Pittsburgh Steelers Draft Countdown: Making the Case for Allen Robinson

Andrew Watkins@@AndrewWatkins10Correspondent IApril 5, 2014

Penn State wide receiver Allen Robinson (8) escapes Illinois defensive back Supo Sanni (7)during the first half of the NCAA college football game Saturday, Sept. 29, 2012, in Champaign, Ill. Penn State defeated Illinois 35-7. (AP Photo/Seth Perlman)
Seth Perlman

It’s fair to say that the additions of Lance Moore and Darrius Heyward-Bey have lessened the Pittsburgh Steelers’ need at wide receiver. This means the Steelers don’t have to, and likely won’t (depending on players available), spend a first-round pick on a wide receiver.

However, neither Moore nor Heyward-Bey should be seen as more than a short-term fix at the position.

After all, Moore is coming off his worst statistical season since an injury-shortened ’09 and will be on the wrong side of 30 by the time next season starts. At 27, Heyward-Bey has youth on his side, but the former seventh overall pick has been a colossal bust through five seasons.

Fortunately for Pittsburgh, they could bypass a receiver on Day 1 and still net an impact player. One who fits the bill well would be Penn State’s Allen Robinson.

With elite-level size and production, Robinson was considered a fringe first-rounder through much of the ’13 season. Due to a lackluster 4.60 40-yard dash, though, most recent mock drafts see him slide to Day 2, including Bleacher Report's own Matt Miller.

No, Robinson isn’t a burner, but is speed really a necessity in Pittsburgh’s current receiving corps? Heyward-Bey, Markus Wheaton and Antonio Brown all ran sub-4.50 40-yard dashes.

What Robinson lacks in speed he more than makes up for in several other facets of his game.

Gene J. Puskar

The 6’2”, 220-pounder showed great tackle-breaking and run-after-catch ability over his past two seasons in Happy Valley.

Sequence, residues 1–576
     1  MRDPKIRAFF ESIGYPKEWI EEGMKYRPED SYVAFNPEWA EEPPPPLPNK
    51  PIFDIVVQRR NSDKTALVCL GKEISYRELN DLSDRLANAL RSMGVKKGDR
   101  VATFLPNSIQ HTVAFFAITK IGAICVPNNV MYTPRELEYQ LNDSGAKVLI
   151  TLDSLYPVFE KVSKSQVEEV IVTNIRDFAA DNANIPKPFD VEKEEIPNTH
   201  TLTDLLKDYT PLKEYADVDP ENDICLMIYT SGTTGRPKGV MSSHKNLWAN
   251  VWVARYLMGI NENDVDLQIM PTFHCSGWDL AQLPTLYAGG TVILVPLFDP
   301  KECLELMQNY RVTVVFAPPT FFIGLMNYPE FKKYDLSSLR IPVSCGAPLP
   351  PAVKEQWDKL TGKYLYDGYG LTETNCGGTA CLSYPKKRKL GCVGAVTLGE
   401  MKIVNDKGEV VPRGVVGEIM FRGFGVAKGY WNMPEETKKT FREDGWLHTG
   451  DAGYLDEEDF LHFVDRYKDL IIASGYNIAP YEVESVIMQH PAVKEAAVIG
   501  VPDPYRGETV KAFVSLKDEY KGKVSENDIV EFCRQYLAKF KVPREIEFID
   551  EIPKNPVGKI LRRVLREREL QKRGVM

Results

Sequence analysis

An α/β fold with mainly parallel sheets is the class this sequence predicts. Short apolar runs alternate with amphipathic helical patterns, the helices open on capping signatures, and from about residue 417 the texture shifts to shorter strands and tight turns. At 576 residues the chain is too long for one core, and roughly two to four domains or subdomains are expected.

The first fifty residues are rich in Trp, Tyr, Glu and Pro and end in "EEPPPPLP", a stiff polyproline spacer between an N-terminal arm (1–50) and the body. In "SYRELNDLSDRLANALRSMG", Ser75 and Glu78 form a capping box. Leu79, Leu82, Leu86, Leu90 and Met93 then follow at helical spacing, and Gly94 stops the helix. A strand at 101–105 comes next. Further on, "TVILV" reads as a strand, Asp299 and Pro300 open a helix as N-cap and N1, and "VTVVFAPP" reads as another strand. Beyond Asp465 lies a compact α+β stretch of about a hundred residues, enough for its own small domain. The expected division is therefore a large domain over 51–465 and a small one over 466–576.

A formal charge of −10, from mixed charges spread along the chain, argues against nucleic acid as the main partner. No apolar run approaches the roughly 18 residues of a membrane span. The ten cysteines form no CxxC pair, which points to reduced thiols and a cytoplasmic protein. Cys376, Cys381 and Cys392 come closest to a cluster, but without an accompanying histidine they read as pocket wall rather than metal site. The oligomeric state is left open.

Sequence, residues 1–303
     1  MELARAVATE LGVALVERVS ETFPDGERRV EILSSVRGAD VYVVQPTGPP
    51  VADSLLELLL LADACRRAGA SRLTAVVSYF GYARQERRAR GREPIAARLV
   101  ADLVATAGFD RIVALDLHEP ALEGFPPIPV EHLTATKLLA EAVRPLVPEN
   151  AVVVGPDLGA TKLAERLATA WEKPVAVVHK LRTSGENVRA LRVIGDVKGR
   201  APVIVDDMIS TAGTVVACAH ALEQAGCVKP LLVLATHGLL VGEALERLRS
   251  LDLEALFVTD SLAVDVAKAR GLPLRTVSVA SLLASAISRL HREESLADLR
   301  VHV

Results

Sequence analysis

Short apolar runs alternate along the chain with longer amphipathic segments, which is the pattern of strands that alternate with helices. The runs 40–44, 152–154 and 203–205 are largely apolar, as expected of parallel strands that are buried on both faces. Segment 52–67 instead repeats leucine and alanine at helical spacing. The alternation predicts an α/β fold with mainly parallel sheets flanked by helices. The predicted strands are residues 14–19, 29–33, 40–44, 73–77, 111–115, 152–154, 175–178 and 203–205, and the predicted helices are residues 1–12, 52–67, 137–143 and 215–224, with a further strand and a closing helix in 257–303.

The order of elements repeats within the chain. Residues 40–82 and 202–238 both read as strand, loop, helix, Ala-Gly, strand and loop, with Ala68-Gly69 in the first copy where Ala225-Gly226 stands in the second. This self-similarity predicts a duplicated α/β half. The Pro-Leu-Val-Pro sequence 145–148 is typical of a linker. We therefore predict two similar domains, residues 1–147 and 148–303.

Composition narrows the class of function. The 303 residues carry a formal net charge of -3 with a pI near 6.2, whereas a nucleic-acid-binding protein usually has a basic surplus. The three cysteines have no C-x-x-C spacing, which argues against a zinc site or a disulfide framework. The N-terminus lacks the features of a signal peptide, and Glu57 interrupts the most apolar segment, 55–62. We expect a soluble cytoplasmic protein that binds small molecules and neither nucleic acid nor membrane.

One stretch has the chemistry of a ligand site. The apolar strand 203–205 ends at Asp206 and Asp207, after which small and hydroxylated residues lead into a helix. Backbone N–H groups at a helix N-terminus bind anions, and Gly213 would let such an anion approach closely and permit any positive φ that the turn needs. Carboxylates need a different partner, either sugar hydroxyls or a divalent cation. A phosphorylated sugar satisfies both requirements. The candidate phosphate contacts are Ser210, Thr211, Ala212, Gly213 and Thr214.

In fact, Robinson had at least one 40-plus-yard reception in eight of his team’s 12 games this past season. Not bad for a guy who lacks breakaway speed.

Where Robinson really excels is in high-pointing jump balls and pulling down contested passes. That much was evidenced in Robinson’s unforgettable grab in the Nittany Lions’ miraculous win over Michigan.

Facing a touchdown deficit with time winding down, freshman quarterback Christian Hackenberg heaved up a prayer for Robinson. Robinson, though, was stuck behind a cornerback in much better position to pull down the underthrown pass.

Amazingly, Robinson plucked the ball from above the corner’s head and jump-started one of the most amazing victories in program history.

And that was with a freshman quarterback. The season before, Robinson caught passes from an overachieving walk-on in Matt McGloin.

Not to mention that the team’s next best receiver in both seasons was Brandon Felder, who will graduate with a single-season high of 437 receiving yards.

Darron Cummings

In spite of facing less-than-ideal circumstances, Robinson excelled at Penn State. Or more appropriately, he dominated. Robinson racked up nearly 2,500 yards in his two seasons as a starter and led the Big Ten in receiving both years as well.

There’s no telling what Robinson might have accomplished if he played with a more experienced or physically gifted quarterback. But if paired with Ben Roethlisberger, Steelers fans would get the chance to find out.

And odds are they’d like the result.